Of course the contribution from private inventories will probably be negative in Q4, but final demand should be solid.

Read more at http://www.calculatedriskblog.com/#QUoS2HZRXvTD5Pcx.99
Via the WSJ:

Macroeconomic Advisers ... [raised] its estimate for fourth-quarter growth. It now forecasts gross domestic product to expand at an annualized rate of 2.6% in the final three months of the year, up three-tenths of a percentage point from an earlier estimate.
And Goldman Sachs has increased their Q4 GDP tracking to 2.4% annualized growth.

And based on the November Personal Income and Outlays report:
Using the two-month method to estimate Q4 PCE growth (first two months of the quarter), PCE was increasing at a 4.1% annual rate in Q4 2013. This suggests solid PCE growth in Q4.
Of course the contribution from private inventories will probably be negative in Q4, but final demand should be solid.

Read more at http://www.calculatedriskblog.com/#QUoS2HZRXvTD5Pcx.99

left left - inequality and creditors

Progressives see inequality as a fundamental part of why our economy is not working as it once did, not a problem to be placed above job creation.
Bill Keller recently provided a representative sample:
The left-left sees economic inequality as mainly a problem of distribution — the accumulation of vast wealth that never really trickles down from on high. Their prescription is to tax the 1 percent and close corporate loopholes, using the new revenues to subsidize the needs of the poor and middle class…
The center-left — and that includes President Obama, most of the time — sees the problem and the solutions as more complicated. Yes, you want to provide greater security for those without independent means (see Obamacare), but you also need to create opportunity, which means, first and foremost, jobs. … The center-left … agrees on the menace of inequality, but places equal or greater emphasis on the fact that the economy is not growing the way it did for most of the last century.
First of all, this is a bit rich to hear from the center. The left has been howling about jobs and growth for five years now, for so long and so loud that our collective tonsils have about come unglued — and who were we arguing against? The centrists, who were a major bloc of support behind the premature turn to austerity back in 2010. Better late than never, I guess. Welcome to the party, guys!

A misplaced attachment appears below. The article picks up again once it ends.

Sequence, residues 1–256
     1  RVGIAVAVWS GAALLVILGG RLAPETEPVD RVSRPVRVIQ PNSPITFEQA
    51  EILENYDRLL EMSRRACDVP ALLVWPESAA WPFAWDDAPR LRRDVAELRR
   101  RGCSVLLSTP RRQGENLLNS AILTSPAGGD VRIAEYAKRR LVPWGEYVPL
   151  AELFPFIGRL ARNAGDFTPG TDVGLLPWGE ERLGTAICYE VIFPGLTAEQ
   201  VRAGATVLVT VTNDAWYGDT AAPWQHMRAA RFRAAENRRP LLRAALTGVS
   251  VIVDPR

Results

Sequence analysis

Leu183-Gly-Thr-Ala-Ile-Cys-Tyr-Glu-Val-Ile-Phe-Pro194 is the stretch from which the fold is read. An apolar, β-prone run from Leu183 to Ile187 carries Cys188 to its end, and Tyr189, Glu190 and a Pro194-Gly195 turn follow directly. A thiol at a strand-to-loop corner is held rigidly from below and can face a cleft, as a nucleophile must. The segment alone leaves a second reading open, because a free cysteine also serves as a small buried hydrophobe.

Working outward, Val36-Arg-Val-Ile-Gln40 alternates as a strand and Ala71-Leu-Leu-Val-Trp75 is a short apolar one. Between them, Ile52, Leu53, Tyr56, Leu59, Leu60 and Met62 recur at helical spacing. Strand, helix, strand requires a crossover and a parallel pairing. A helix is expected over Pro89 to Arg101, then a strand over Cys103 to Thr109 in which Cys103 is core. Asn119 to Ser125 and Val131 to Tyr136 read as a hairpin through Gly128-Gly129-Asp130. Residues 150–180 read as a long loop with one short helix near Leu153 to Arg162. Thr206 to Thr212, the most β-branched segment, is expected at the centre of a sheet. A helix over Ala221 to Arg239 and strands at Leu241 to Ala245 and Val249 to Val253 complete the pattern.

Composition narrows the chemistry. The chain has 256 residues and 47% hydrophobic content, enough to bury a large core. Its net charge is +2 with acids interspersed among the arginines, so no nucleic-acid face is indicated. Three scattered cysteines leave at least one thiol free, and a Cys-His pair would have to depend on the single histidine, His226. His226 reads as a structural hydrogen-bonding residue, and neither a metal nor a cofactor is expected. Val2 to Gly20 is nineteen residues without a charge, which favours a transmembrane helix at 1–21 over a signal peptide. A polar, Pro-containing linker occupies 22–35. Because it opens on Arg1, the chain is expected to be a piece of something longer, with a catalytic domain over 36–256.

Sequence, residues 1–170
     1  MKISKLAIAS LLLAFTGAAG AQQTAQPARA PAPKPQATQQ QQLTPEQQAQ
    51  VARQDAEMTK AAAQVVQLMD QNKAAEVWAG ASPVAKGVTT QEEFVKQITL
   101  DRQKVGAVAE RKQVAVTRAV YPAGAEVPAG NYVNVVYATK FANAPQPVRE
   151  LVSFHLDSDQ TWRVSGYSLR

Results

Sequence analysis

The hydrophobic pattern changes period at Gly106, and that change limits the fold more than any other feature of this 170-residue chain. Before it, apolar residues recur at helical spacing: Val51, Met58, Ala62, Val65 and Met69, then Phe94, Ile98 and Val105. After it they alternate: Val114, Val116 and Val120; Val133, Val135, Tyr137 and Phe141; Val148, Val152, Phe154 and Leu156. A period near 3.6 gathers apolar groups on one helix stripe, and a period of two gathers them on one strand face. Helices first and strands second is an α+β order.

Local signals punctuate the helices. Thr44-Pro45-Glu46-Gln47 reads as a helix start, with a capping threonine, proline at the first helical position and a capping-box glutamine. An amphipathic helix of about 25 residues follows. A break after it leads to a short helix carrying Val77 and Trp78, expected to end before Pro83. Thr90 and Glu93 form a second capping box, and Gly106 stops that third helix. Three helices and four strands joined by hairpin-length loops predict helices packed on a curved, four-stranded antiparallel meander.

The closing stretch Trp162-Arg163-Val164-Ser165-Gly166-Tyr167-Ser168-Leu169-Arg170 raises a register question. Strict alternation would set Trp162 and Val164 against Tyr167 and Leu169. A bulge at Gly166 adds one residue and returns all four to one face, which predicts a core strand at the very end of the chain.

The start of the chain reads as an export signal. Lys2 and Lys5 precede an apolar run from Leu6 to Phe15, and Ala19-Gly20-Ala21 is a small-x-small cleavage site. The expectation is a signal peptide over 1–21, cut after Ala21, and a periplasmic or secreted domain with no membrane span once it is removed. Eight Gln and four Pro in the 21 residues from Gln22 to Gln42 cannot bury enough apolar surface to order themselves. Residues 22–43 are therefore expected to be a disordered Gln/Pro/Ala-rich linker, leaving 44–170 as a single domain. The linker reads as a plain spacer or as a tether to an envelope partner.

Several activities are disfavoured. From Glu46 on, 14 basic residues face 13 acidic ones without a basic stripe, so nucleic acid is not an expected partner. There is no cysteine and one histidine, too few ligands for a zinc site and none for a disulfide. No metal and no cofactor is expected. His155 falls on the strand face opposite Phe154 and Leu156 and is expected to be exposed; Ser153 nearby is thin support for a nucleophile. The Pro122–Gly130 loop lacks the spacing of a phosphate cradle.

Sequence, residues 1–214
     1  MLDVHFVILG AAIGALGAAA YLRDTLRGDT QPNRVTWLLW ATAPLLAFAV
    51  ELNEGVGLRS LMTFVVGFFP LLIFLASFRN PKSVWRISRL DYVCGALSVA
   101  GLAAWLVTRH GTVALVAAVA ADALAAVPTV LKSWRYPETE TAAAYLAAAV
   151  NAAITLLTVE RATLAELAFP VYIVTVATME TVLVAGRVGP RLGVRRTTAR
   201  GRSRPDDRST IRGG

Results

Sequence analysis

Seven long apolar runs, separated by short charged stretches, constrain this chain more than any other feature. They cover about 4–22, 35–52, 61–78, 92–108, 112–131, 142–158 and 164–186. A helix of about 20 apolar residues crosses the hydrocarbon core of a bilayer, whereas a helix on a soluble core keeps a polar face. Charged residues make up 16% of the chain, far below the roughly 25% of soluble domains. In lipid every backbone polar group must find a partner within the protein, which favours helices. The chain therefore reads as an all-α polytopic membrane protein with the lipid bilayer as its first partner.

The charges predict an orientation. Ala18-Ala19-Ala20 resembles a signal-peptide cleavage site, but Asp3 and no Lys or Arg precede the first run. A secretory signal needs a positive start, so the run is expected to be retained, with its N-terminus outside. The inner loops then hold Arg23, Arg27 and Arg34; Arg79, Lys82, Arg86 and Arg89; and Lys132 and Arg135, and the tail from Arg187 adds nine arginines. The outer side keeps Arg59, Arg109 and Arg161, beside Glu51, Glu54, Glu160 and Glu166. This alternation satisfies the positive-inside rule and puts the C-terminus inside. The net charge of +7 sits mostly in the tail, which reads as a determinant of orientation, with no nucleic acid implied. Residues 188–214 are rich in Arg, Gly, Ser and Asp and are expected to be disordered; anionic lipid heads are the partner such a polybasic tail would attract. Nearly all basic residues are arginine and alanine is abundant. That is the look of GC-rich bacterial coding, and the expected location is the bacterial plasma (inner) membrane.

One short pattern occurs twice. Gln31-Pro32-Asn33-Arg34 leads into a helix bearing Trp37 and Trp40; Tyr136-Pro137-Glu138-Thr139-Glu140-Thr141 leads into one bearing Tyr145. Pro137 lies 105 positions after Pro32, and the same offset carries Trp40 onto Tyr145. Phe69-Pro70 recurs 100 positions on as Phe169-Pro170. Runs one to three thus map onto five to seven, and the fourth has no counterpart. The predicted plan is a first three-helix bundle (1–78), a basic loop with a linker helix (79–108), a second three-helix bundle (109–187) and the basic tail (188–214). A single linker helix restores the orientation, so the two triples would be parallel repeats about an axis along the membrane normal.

He links to:

Depression is a choice by Steve Randy Waldman
But the preferences of developed, aging polities — first Japan, now the United States and Europe — are obvious to a dispassionate observer. Their overwhelming priority is to protect the purchasing power of incumbent creditors. That’s it. That’s everything. All other considerations are secondary. These preferences are reflected in what the polities do, how they behave.
Waldman suggests buying off the "median influencer."

Tuesday, December 24, 2013

positive outlook?

Reason for Optimism? by Menzie Chinn
Finally, I think the factor that makes the growth more likely to be sustainable going forward, barring another debt-ceiling crisis or some sort of financial crisis overseas, is the fact that real household net worth has nearly reattained pre-crisis levels.

Monday, December 23, 2013

Krugman syllabus

ECO 348, The Great Recession, Preliminary Readings  by Krugman
Where I am so far (pdf). I clearly need more smart papers that disagree with me …

Medici-coin and the U.S. government

I like the show Da Vinci's Demons* in that the mythos has Da Vinci's humanism and science in tension with the church and unaccountable authority. Also Da Vinci himself - played by Tom Riley - is portrayed as a bit of a wag.** On the show, the Medicis are his sponsors.

Medici-coin by Izabella Kaminska

I think DeLong has a better comparison: the U.S. Government is now like the Medieval Medici Bank.
In a way, the United States government would then look like the Medieval Medici Bank. The Medieval Medici Bank doesn't pay you interest. It charges you fees. You don't lend it money in order to boost your wealth. You lend it money in order to keep your wealth safe--so that if the Pope excommunicated you and you had to flee the city of Lucca in the dead of night with only the clothes on your back, when you got to Paris you could draw on the local Medici bank. In a similar way, since 1990 the average growth rate of the economy has never been lower than and has often been much higher than the average interest rate the US pays on its debt. The US can simply borrows, roll over the borrowing, and watch, as time passes, the debt it owes shrink relative to the size of its economy. No reason to fear inflation. No policy changes required in order to make people hold Treasury debt at low interest rates. It just happens.